the CLITELLUM. A mucous sheath containing nutritive material which slides forward, collecting
eggs released from the FEMALE GENITAL PORES and the stored sperm of its mates released
from the SEMINAL RECEPTACLES. The sheath finally slides off from the head of the worm.
As it separates from the worm, its ends are sealed. It now becomes a cocoon which is left
behind in the soil.
Cocoons contain CHITIN, a tough carbohydrate, which provides
protection for the embryos growing inside. Earthworms produce
between 4 -70 cocoons per year. Worms which live deep in the
soil produce fewer cocoons, while the worms living on the upper
layers produce more. Each cocoon may contain 2-20 embryos.
Baby worms hatch in a few weeks.
MUSCULAR SYSTEM
Worm skin is very thin and contains two layers of
muscle which work together to help the worm
crawl. Contraction of the circular muscles
elongates the animal and pushes the anterior end
forward. Setae grip the ground as the longitudinal
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muscles contract, pulling the back end of the worm
forward.
INTERNAL ANATOMY
Turn the worm dorsal side up in your pan. Using a small scissors, make a shallow incision in the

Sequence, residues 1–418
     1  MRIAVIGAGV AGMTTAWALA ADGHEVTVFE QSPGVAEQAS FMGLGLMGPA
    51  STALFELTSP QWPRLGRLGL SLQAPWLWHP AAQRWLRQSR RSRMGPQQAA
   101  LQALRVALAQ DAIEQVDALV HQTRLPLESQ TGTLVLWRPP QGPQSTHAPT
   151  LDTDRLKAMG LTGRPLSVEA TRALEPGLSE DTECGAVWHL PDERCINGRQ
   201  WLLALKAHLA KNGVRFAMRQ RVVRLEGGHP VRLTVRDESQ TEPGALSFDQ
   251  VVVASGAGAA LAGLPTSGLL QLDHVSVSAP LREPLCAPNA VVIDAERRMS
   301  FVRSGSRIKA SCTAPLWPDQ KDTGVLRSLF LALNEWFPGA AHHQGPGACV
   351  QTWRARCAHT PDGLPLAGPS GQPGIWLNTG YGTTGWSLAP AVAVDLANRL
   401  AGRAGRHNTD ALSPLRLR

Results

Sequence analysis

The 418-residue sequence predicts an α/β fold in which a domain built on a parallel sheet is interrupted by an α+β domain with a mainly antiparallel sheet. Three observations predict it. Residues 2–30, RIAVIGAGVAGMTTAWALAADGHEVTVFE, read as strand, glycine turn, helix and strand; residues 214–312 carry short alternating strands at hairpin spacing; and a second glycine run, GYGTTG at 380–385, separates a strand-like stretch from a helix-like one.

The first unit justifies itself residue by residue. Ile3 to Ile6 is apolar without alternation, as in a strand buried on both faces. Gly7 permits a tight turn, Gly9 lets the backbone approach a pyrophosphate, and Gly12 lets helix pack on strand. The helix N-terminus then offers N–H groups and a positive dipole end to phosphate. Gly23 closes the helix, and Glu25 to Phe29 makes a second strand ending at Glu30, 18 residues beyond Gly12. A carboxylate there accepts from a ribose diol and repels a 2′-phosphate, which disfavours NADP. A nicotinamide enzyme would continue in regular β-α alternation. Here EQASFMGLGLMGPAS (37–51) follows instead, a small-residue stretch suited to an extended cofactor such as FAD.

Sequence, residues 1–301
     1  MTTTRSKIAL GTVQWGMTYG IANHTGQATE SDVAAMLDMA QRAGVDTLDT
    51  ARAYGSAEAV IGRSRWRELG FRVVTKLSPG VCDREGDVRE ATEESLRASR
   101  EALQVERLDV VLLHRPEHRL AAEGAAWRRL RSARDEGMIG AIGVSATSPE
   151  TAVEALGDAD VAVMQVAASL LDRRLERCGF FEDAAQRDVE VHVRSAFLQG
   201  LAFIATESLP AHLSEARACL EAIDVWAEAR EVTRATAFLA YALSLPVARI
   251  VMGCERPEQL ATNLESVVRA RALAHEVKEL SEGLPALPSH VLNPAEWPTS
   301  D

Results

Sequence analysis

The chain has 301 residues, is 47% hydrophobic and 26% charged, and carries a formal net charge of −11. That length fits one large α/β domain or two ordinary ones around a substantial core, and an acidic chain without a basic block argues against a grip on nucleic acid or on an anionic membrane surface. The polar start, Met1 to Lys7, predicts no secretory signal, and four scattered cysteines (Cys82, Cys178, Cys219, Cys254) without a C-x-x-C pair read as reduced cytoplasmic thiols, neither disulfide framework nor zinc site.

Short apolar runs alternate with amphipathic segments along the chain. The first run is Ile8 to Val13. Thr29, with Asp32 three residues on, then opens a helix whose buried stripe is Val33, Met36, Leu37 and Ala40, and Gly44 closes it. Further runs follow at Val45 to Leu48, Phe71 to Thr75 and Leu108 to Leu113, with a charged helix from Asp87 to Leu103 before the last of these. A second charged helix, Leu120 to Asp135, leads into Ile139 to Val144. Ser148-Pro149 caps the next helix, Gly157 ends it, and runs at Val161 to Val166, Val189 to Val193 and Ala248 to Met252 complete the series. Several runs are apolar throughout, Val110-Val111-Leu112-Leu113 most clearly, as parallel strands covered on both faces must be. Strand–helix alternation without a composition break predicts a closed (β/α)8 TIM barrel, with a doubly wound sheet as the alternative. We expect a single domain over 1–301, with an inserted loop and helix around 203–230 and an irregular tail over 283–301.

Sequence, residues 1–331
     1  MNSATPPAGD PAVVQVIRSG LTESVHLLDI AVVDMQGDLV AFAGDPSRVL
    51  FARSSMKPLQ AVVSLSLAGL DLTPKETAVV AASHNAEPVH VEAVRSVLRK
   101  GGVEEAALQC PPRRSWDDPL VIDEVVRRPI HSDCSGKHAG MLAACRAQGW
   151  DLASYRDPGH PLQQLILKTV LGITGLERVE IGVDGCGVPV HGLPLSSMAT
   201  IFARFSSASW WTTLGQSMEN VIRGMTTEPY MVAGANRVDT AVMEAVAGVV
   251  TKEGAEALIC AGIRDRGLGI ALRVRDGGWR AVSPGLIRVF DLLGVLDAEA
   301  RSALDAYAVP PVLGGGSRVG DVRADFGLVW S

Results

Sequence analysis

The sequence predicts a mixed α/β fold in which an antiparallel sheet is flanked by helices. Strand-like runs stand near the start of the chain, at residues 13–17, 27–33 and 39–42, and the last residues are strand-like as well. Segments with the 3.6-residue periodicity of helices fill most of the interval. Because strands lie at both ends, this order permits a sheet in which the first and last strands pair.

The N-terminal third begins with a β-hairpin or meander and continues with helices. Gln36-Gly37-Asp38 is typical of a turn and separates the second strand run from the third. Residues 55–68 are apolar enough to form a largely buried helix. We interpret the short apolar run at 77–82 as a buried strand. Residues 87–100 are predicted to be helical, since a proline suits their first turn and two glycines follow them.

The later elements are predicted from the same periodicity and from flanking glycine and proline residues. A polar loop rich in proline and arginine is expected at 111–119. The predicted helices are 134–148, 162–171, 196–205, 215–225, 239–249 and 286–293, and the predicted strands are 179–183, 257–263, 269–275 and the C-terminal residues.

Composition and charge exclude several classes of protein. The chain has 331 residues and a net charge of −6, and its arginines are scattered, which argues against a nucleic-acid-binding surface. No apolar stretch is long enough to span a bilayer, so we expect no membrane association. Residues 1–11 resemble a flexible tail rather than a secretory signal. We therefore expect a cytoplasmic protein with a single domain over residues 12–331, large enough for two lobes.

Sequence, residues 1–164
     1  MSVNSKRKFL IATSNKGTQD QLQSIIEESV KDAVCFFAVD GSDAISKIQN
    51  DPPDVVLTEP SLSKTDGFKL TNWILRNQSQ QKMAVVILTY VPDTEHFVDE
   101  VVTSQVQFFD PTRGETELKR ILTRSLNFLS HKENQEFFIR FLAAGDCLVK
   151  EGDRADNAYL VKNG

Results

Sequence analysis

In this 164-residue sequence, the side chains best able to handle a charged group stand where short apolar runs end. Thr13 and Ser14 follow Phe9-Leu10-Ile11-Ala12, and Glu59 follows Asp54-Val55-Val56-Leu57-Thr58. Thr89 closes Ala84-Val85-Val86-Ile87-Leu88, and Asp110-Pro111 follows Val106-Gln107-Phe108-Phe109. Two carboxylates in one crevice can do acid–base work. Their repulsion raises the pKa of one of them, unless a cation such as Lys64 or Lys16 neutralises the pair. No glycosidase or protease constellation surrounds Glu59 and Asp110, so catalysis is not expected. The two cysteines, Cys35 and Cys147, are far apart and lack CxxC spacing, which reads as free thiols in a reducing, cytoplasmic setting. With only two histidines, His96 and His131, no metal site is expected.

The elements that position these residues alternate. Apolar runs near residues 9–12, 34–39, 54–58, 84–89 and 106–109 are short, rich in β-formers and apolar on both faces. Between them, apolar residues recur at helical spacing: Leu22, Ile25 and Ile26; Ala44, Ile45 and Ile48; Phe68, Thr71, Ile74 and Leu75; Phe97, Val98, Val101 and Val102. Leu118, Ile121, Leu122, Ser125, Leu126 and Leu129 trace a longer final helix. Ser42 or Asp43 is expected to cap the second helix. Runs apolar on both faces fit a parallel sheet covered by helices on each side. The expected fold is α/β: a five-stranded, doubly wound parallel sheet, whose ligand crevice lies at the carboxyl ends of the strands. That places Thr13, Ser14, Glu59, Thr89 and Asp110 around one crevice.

dorsal side of the clitellum at segment 33. Slice up the dorsal surface little by little working
your way forward to segment 1.
CAUTION: Scalpels and scissors are very sharp. Report any cuts to your teacher. Be careful
to only cut through skin… not through organs below.
Gently open your incision and look inside to
see the dividers between the segments
called SEPTA (singular; SEPTUM).
BODY CAVITY (COELOM) /SKELETAL
Earthworms are COELOMATES. They have a “true” body cavity lined on BOTH SIDES by
MESODERM. Find this COELOM (See-lum) space between the outside body wall and the
internal organs in the middle. The earthworm (like other annelids) has a HYDROSTATIC
SKELETON. Instead of a bony skeleton, fluid in the COELOM space provides support and
protection for body organs and prevents the worm from being crushed.
RESPIRATORY SYSTEM:
Notice how THIN the skin is. Earthworms DO NOT HAVE RESPIRATORY ORGANS and
exchange oxygen and carbon dioxide THROUGH THEIR SKIN. Mucous glands keep the skin
moist to allow gas exchange.
EXCRETORY SYSTEM:
Look also for tiny tiny tubules called NEPHRIDIA (singular;
NEPHRIDIUM) A pair of these white thread-like structures is located
along the dorsal body wall in each segment except the first and last.
Their function is to COLLECT AND REMOVE NITROGEN WASTE.
Worms excrete their nitrogen waste as UREA out through pores in the
skin. Separate the septa along the body wall and pin open the skin.
REPRODUCTIVE SYSTEM
The SEMINAL VESICLES are the larger cream colored structures located toward the anterior
of the worm. Sperm is produced by TESTES and stored here until it is passed to other
worms during sex. Smaller SEMINAL RECEPTACLES can be seen underneath. These store
sperm received from other worms during mating. Both of these reproductive structures
connect to the openings you saw on the ventral surface of your worm.
CIRCULATORY SYSTEM (CLOSED)
The DORSAL BLOOD VESSEL appears as a dark brownish-red vessel running along the top of